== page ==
Meet the 'evil king' maker
Harbans Lal, who is in his late fifties, is fully immersed in making idols of Ravana at Lohgarh Chowk since last month. Such is his dedication towards his work, that with Dussehra around the corner, he has fixed a time table for meals, as he does not want to waste even a second.punjab Updated: Oct 08, 2013 14:08 IST
Harbans Lal, who is in his late fifties, is fully immersed in making idols of Ravana at Lohgarh Chowk since last month. Such is his dedication towards his work, that with Dussehra around the corner, he has fixed a time table for meals, as he does not want to waste even a second.
"Lohgarh Chowk has been famous for idol-making since ages. We get orders not only from the neighbouring towns and villages, but from all over the state, because artists here have proven their perfection," says Parveen Kumar Bulli, president of Lohgarh Dussehra Committee.
"All artists here take a great interest in their work, but the rising inflation is pinching them," he adds.
He also shares that orders start rolling in months before the festival, and as the date comes closer, many more artists can be seen working here. Man Singh Gate is another locality where idol-makers can be seen working. These artists work on the roadside, so people often stop to see idols taking shape. They feel especially happy when their work is captured in photographs.
Harbans Lal says that making idols is an art which involves lot of hard work, patience and skills. Every year, he and his family wait for the festival with much enthusiasm, both because they have been associated with the business for so long, and the festival provides them an opportunity to earn better than the rest of the year.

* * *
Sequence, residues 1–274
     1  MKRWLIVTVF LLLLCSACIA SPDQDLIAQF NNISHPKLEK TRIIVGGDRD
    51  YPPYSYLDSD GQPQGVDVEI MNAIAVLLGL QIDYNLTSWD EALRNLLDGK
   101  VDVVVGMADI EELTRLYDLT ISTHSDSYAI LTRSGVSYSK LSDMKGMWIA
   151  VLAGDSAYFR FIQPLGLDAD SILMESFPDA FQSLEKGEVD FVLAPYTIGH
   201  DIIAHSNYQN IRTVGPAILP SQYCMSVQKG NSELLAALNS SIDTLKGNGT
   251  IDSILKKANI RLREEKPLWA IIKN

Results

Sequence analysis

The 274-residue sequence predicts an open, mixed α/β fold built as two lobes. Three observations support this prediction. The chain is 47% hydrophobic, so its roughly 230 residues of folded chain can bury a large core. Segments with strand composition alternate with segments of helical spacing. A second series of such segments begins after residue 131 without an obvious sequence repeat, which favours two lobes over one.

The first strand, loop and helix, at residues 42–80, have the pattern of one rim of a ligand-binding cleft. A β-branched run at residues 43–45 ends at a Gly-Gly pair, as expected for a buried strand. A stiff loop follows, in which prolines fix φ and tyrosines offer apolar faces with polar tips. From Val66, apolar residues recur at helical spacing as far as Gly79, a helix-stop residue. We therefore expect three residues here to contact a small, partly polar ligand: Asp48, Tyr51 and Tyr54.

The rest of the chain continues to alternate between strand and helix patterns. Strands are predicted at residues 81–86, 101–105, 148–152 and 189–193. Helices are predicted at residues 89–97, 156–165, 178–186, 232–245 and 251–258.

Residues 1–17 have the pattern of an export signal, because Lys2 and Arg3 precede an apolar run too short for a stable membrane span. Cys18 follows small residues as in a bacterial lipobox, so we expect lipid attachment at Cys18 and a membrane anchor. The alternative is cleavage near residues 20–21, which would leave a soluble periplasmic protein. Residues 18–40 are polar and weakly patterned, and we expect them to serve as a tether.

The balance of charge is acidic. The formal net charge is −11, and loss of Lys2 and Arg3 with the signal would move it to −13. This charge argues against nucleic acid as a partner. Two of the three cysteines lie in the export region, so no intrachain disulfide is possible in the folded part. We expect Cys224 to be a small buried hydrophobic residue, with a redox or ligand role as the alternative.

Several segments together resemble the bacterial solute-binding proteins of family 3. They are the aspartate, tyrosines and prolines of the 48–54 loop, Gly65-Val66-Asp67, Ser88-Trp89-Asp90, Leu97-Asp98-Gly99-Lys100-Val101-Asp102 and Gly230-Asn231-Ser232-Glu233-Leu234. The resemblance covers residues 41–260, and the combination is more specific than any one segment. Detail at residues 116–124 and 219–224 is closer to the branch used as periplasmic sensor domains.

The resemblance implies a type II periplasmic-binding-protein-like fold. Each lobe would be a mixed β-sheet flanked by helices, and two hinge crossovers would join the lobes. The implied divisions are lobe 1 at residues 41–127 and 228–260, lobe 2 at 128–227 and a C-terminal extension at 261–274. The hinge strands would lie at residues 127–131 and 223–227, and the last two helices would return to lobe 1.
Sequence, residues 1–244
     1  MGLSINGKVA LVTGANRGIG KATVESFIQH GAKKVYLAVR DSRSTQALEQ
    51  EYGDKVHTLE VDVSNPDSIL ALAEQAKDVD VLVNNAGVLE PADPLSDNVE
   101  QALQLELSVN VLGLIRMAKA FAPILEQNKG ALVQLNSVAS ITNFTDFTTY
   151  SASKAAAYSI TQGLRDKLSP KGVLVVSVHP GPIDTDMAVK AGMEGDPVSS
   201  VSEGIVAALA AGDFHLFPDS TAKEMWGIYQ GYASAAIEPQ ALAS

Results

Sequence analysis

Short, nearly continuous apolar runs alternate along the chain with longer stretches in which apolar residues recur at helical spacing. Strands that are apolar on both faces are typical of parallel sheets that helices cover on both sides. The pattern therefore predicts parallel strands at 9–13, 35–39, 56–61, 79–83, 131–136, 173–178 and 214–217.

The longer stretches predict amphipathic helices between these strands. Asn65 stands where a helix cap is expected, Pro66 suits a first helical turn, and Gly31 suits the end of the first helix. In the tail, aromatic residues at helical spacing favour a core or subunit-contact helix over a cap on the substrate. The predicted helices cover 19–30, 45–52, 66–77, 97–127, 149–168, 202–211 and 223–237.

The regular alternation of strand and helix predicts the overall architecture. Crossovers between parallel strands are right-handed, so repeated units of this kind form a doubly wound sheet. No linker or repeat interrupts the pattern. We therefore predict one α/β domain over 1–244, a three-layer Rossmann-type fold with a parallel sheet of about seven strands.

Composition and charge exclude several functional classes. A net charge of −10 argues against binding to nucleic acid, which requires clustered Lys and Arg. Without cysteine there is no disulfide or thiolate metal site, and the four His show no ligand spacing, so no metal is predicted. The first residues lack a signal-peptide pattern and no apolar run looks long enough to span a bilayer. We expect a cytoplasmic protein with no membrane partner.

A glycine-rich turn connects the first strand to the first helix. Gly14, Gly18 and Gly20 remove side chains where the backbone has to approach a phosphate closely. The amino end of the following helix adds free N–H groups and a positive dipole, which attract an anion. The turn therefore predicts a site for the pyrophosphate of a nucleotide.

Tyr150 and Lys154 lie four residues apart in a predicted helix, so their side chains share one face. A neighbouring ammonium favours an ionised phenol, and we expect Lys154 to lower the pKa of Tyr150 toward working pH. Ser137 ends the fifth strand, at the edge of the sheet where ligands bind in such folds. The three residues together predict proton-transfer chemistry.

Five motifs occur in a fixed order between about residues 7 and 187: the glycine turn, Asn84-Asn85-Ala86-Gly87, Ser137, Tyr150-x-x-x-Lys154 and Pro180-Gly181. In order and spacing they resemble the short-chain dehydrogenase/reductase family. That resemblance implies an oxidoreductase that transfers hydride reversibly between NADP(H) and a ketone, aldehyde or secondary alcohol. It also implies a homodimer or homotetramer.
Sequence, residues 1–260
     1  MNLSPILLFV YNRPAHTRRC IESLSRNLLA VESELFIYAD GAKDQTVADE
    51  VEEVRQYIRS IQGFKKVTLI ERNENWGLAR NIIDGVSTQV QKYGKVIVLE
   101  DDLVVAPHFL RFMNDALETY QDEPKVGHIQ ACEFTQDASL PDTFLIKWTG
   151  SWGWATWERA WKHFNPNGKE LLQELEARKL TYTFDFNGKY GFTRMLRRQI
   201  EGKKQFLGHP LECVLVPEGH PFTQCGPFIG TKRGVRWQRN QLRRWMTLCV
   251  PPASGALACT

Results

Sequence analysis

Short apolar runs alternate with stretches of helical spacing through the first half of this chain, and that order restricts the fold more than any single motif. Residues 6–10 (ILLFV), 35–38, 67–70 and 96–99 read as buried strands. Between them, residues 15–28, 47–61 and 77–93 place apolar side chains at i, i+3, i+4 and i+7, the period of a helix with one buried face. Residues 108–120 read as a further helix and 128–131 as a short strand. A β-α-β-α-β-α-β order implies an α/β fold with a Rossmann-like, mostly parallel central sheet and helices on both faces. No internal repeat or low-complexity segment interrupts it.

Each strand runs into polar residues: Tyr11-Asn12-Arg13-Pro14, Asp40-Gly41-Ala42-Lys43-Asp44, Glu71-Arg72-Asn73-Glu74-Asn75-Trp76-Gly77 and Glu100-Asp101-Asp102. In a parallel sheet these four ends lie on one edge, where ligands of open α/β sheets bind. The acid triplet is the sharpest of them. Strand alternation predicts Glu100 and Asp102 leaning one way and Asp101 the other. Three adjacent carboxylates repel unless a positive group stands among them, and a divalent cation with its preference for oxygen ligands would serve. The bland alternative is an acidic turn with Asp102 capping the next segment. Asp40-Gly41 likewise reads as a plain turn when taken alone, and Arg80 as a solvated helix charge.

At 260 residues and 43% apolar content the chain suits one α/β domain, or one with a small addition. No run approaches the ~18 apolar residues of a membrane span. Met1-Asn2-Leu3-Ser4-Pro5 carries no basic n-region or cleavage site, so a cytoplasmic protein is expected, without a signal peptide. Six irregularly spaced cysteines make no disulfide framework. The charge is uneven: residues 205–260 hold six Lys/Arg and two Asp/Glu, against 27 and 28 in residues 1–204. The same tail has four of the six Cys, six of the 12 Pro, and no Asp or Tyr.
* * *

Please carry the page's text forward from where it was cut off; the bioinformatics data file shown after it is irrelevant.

He charges `80,000 for one idol, which is about 125 ft high, and is supported by his family, especially his nephews, who sometimes come from far-off places to help him and learn the craft.
"Any craft can be learnt only with interest and passion," he adds.
"I draw inspiration from my maternal grandfather, who was also in the same business. Those days, my brothers and I would visit him to help him with his work. I took a keen interest in the methods he used, the skills he displayed, and got trained." Today, his four sons and nephew are learning from him.
He says that it is necessary to plan well and think out of the box. "If I give you the same design every year, I will be soon out of business. I have to be very innovative," he adds.
Asked about his most memorable moments, he says, "When I see my idols in the Dussehra ground, I feel more than elated. I will never forget when in 1996, my hard work proved futile as my idol fell before it was even lit. I cried a lot," he shares.
How he does it
Bamboo sticks of different sizes
Frames are made for various parts and covered with paper. The parts are taken on trolleys to the grounds, where they are loaded with fire crackers and are carefully joined. Then the idol is positioned with the help of a crane.